Kerry in, Clinton out as US secretary of state
APWASHINGTON -- John Kerry was sworn in to replace Hillary Rodham Clinton, who ended a four-year tenure as secretary of state that made her one of America's most popular public figures, despite leaving on a bitter note amid a partisan feud over the attack on the U.S. diplomatic mission in Libya.
February 3, 2013, 12:08 am TWN
In a letter sent to President Barack Obama shortly before she left the State Department for the last time Friday in her official capacity, Clinton thanked her former foe for the 2008 Democratic presidential nomination for the opportunity to serve in his administration. Clinton said it had been an honor to be part of his Cabinet.
“I am more convinced than ever in the strength and staying power of America's global leadership and our capacity to be a force for good in the world,” she said in the letter.
Clinton shattered records for the number of countries visited by a U.S. secretary of state. The former First Lady, once considered a divisive figure in American politics, leaves office as one of its most popular. But she remained coy about whether she would run for president in 2016.
“I am making no decisions, but I would never give that advice to someone that I wouldn't take myself,” she said in an interview with The Associated Press on Thursday. “If you believe you can make a difference, not just in politics, in public service, in advocacy around all these important issues, then you have to be prepared to accept that you are not going to get 100 percent approval.”
Her resignation became effective at 4 p.m. Friday, when Supreme Court Justice Elena Kagan swore in Kerry as the top U.S. diplomat. The former senator and 2004 Democratic presidential candidate is the 68th secretary of state.
“I'm just very, very honored to be sworn in and I'm very anxious to get to work,” Kerry told reporters after the private ceremony at the Capitol.
“I'll be reporting Monday morning at nine o'clock to do my part,” he said, but refused to say what global hotspot he would visit first.
Clinton said the attack in Benghazi was the low point of her time as America's top diplomat. But she suggested that the furor over the assault would not affect whether she runs for president in 2016.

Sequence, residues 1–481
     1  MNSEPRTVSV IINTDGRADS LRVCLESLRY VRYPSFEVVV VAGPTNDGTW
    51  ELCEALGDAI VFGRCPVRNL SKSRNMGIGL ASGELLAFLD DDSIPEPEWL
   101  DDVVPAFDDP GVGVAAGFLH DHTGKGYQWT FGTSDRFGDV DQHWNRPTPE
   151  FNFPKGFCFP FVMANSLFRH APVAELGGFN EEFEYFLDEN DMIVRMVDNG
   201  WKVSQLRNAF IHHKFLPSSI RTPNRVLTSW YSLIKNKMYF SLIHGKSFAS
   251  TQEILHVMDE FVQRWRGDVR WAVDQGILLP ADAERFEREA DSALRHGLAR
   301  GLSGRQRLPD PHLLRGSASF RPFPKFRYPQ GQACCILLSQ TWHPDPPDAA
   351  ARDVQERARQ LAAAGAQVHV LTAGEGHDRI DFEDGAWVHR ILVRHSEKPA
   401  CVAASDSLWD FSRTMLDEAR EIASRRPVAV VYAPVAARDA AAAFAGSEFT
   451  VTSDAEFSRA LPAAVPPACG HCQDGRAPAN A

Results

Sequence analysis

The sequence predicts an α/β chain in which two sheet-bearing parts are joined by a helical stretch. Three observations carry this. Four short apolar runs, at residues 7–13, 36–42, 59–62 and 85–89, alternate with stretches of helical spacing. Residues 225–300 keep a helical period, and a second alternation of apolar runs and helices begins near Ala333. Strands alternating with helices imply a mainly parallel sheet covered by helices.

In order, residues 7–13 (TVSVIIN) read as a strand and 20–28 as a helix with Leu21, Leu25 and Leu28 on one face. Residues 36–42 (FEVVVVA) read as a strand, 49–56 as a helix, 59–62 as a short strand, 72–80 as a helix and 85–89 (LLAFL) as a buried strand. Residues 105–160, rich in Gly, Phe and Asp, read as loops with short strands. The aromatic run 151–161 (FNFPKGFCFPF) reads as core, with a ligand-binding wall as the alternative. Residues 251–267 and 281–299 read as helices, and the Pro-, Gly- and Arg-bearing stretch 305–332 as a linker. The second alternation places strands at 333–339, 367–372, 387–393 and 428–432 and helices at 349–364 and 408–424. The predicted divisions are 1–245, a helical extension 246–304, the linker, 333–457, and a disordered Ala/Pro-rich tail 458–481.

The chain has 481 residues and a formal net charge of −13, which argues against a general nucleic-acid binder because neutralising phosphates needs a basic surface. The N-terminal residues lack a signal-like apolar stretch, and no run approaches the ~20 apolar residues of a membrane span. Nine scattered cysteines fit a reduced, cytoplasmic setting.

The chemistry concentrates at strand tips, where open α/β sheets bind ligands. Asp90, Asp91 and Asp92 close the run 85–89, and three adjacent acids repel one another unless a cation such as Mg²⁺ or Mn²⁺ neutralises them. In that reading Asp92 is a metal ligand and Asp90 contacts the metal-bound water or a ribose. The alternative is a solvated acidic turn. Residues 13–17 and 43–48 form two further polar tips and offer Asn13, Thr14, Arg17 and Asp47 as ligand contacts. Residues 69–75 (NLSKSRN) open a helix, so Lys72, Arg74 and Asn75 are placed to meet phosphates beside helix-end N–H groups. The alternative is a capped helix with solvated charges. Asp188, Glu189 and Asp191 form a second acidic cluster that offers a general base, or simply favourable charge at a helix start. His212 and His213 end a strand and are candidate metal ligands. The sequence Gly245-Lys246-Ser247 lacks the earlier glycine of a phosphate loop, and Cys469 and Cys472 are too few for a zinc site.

Although she insisted that she has not decided what her future holds, she said she “absolutely” still plans to make a difference on issues she cares about in speeches and in a sequel to her 2003 memoir, “Living History,” that will focus largely on her years as secretary of state.
An independent panel she convened to look into the incident was scathing in its criticism of the State Department and singled out four officials for serious management and leadership failures. But it also determined that there was no guarantee that extra personnel could have prevented the deaths of the U.S. ambassador to Libya, Chris Stevens, and three other Americans. Clinton herself was not blamed, although she has said she accepted responsibility for the situation.
“I was so unhappy with the way that some people refused to accept the facts, refused to accept the findings of an independent Accountability Review Board, politicized everything about this terrible attack,” she said. “My job is to admit that we have to make improvements and we're going to.”
Hours later a suicide bomber linked to a domestic terror group exploded a device just outside the U.S. Embassy in Ankara, Turkey, killing himself and a guard. Clinton told State Department staff on Friday that the attack showed again how “we live in very complex and dangerous times.”